|Ras-induced hyperplasia occurs with mutation of p53, but activated ras and myc together can induce carcinoma without p53 mutation.|
Lu, X, et al.
Cell, 70: 153-61 (1992)
Using a reconstituted mouse prostate organ, the effects on endogenous p53 expression of the ras oncogene or of the ras + myc oncogenes were investigated. In this system the ras gene alone causes mild hyperplasia, but the combination of ras and myc leads to the formation of carcinomas. Surprisingly, while p53 mutations were found in cells derived from the reconstituted organs containing ras alone, no such mutations were found in the ras + myc-transformed cells. Their growth, unlike that of the cells containing ras alone, was not inhibited by transfection with plasmids encoding wild-type human p53. We suggest that expression of both activated ras and myc genes bypasses the need for p53 mutation by neutralizing the tumor suppressor activity of normal p53.
|Expression of HLA-A,B,C antigens on primary and metastatic tumor cell populations of human carcinomas.|
Cordon-Cardo, C, et al.
Cancer Res., 51: 6372-80 (1991)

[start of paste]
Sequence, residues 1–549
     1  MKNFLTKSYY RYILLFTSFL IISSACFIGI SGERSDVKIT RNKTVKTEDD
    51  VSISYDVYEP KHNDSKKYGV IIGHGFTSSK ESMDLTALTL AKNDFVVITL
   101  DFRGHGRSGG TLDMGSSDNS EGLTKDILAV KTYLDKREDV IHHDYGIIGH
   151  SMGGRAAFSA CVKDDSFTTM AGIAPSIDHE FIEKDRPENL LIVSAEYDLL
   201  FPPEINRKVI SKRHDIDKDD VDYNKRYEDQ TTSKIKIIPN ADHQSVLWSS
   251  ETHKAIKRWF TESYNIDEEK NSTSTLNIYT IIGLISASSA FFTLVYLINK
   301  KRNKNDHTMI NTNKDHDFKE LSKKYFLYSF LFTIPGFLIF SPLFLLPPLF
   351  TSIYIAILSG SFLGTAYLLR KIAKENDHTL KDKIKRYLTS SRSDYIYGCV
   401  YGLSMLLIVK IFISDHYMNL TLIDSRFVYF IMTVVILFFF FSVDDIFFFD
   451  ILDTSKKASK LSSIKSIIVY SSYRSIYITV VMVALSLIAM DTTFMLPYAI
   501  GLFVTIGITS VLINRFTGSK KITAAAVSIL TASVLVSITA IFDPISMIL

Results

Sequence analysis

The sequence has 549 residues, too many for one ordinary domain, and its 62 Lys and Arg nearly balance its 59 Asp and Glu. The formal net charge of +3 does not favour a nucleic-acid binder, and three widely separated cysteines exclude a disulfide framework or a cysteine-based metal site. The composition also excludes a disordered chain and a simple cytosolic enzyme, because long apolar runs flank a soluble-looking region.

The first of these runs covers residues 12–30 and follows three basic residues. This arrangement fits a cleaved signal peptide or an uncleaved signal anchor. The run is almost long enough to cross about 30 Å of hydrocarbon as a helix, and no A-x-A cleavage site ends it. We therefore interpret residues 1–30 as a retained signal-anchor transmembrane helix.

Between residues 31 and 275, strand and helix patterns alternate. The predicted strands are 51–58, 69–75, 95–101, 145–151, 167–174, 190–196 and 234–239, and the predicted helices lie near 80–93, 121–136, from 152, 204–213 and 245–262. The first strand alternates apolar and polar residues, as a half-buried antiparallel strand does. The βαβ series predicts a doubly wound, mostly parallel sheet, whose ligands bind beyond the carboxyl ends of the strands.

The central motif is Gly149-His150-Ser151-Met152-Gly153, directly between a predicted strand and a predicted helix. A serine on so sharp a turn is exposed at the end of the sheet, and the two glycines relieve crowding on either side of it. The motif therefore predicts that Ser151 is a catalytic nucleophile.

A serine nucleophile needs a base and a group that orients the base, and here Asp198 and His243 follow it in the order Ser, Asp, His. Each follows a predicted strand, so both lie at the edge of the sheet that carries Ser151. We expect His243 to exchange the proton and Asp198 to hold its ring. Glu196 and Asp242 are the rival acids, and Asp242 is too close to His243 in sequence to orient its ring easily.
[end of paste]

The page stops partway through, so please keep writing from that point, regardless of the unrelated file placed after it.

The expression of monomorphic determinants of the histocompatibility leukocyte antigens (HLA) class I antigens by human malignant tumor cells was studied in tissue specimens of 70 primary tumor lesions obtained from patients with carcinoma of the breast (41 patients), colon (8 patients), urinary bladder (8 patients), and kidney (13 patients), and in samples of either synchronous or metachronous lymph node, lung, or liver metastases available in 44 of the patients. The frequencies of HLA class I expressor and nonexpressor tumor cells were determined by immunohistochemical staining of histological sections of fresh frozen tissue samples with the W6/32 monoclonal antibody. The tumor cell populations in the majority of the primary lesions consisted predominantly of HLA-immunoreactive cells (observed in 38 of 70 patients; 54%), especially in those patients who did not have clinical evidence of metastatic disease (8 of 11 patients; 73%). Various degrees of loss of reactivity were observed in other primary lesions, although in only 8 (12%) tumors (7 of which were obtained from patients with metastatic disease), the neoplastic cells were nearly exclusively HLA-nonreactive. In contrast, the majority of metastatic lesions consisted of either predominantly HLA-negative cells (33 of 44 specimens; 75%) or mixed populations (10 of 44 specimens; 23%), whereas only one metastatic lesion manifested HLA class I antigen staining in more than 70% of its tumor cells (P = 0.0005). Intravascular clusters of tumor cells consisted predominantly of HLA class I nonexpressors. The observed patterns of distribution of HLA expressors and nonexpressor tumor cells are compatible with the notion that HLA-negative cells in human carcinomas manifest a selective advantage with regard to metastatic progression and growth. The suppressed expression of major histocompatibility complex class I antigens on metastatic cells may lead to failure of presentation of cell surface tumor specific epitopes to host cytotoxic T-lymphocytes. Such a process would enable tumor cells to evade host immune responses and would promote and enhance cell dissemination and metastatic growth.